Andreas Englund was featured on EK back in the fall of 2011 and as a Top 100 Artist. Englund is a guy with a good sense of humor and positive attitude, so it was an honest pleasure for Empty Kingdom to revisit him, this time for an intimate interview.
How do you come up with the situations in which to place your most featured character in?
I´ve always wanted to share my thoughts with others, either through conversation or visual media. That’s why working with communication, as an Art Director, became a natural choice for me at first. Therefore, picturing a situation in my head and then putting it into a two dimensional medium feels very natural for me. My key element is drama. I want to find situations, mostly in real life, where a small change makes a big difference. My brain always surges for new input and I’m always looking for new things that can inspire me, from movies, comic books, the Internet, commercials and of course from my own experience and in daily life. I guess it´s like anyone that comes up with ideas for a living, whether its an author or a music composer, you are always “on” and active, looking for new ideas.
Why have you chosen to incorporate the logo of The Punisher on this character?
When I made my first superhero painting I thought a lot about what his costume would look like since it’s the trademark and holds a lot of that person’s personality.
I also wanted to tell his story in a past time when society in general was more traditional, therefore making his character stand out more, like some kind of a rock star (mentally).
This is what made me go for an old school/classic look. I also wanted to paint in colors similar to an old magazine from the 60s. I wanted to make him feel familiar, like you had seen him before, but on the other hand it was important that he was a unique character with his own back story. I chose to do a mix between Superman and the Phantom with his mask but without goggles to feel his expressions better by not covering his eyes. The suit is more cyan blue and his trunks more orange than red. When it finally came to the logo I had some problems at first. I could not tell his name so it was really important that the symbol could stand on its own. It was important that the character saw himself as, or rather wanted to show others what a cool “bad ass” character he was. The skull to me was the strongest symbol, saying ”I’m death to you and I don´t fear it!”. Also, everyone knows the impact it had on the pirate’s flag, to scare the shit out of people when they came on their ships. Punisher’s big skull logo looks really cool and I was inspired by it. Mine is smaller without a nose and have more ”teeth” but I guess most skull logos tend to look similar. Most people go ”Oh look! Superman!” when they see my paintings.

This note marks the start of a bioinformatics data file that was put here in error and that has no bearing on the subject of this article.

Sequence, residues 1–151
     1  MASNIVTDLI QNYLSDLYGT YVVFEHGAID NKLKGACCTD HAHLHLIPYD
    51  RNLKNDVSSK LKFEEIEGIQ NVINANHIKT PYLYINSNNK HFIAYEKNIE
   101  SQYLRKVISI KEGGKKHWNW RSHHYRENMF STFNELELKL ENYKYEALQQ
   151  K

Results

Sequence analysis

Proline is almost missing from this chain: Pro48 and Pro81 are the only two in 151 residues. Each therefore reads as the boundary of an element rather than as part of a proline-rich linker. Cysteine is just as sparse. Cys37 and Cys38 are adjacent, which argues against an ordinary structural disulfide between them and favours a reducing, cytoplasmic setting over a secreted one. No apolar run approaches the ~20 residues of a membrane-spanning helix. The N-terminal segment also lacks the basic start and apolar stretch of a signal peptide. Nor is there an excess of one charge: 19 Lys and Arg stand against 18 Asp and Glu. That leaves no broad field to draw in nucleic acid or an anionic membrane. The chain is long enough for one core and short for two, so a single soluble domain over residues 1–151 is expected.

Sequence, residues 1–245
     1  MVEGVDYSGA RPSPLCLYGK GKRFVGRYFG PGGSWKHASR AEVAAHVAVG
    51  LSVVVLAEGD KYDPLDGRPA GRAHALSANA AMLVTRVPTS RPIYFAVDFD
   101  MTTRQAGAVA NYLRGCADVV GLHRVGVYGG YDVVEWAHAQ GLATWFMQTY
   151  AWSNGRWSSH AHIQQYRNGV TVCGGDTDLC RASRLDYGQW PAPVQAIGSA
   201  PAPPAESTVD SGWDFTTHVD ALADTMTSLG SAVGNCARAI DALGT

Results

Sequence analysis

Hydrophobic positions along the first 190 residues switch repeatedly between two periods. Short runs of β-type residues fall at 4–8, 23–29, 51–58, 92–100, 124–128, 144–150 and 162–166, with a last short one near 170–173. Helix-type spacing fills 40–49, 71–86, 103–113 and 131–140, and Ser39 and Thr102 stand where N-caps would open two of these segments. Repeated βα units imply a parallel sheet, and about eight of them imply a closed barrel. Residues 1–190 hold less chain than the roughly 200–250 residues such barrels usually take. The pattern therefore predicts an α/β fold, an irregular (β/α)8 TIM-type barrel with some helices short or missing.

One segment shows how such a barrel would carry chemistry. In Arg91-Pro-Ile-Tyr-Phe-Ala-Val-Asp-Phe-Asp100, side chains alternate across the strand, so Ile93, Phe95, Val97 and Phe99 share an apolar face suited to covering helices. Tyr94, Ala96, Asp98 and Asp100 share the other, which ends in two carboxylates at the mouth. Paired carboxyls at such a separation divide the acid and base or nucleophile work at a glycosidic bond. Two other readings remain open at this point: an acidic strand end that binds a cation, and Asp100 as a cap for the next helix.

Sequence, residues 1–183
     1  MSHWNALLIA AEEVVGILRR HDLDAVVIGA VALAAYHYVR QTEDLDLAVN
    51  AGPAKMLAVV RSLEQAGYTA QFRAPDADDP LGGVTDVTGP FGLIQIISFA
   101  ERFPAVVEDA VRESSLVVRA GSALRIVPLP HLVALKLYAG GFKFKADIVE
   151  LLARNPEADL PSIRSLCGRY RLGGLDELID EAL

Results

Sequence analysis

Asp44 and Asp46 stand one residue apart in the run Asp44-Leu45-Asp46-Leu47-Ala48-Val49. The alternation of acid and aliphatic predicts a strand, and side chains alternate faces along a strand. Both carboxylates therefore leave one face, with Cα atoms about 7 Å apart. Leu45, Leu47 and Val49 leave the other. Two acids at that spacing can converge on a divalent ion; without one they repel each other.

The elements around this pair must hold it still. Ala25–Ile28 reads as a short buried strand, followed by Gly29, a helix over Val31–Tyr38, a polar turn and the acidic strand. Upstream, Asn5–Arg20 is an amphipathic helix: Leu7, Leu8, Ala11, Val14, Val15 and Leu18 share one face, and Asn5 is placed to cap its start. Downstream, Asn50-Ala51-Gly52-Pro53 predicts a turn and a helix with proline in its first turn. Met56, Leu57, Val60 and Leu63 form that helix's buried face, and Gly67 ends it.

Why have you chosen to focus on this character so much? Can we expect to see him in your later, future works?
After ”Strawberry jam” – my first super hero painting, I felt I wanted to let people to get to know the man behind the mask and tell his story uncensored.
One part of it is about getting old, but it’s also about human flaws and weaknesses, and I need to see that in a character to believe in him, to care about him and to be interested in him. Being a super hero is also about trying to live up to everyone’s expectations which can be quite stressful and I think many can relate to that situation. His story is far from being fully told and there are a lot of motifs not painted that will give more answers to who the character behind the mask really is.
What are your inspirations behind some of your other pieces, such as “Crawling” and “Street Games?”
I´ve always been inspired by ancient sculpture, so my earlier work was a lot about figures and the human body. They were more about aesthetic expressions than storytelling and drama.
Crawling is one of those paintings, showing more of raw nature from an aesthetic point of view.
Street Games is one of my pieces that show my passion for classic American muscle cars. My dad took me to drag racing when I was a kid and he always rolled down the window when a V8 engine sopped next to us in traffic. In Sweden, back in the 70´s, only American cars had V8 engines. Since then, I´m just fascinated by the mix of power and beauty of these cars. It´s funny that many car companies today have had such big success by reviving these old designs from the late 60´s. They are like contemporary furniture designs that never die. By painting mothers and their daughters having fun with these cars I wanted to show that these cars affect everyone in a special way. I also wanted it to look cool and for me the only way to be cool is when you´re not trying to be cool, if you know what I mean. Everything else just looks stupid.
Could you describe your interest in racehorses and cars that are seen in some of your other works?
I love horses but the reason why I paint these fantastic creatures is because of where I come from in Sweden. I come from a region in Sweden called Dalecarlia or ”Dalarna” in Swedish. (That is from where I got my nickname ”Dala” and my site is called artofdala.) Anyway, Dalecarlia is known for Sweden’s most famous symbol – the Dalecarlia horse, which is a deep orange horse made of wood. The first horses where made 150 years ago by the people in Dalecarlia who earned their living by working in the forests with their strong horses.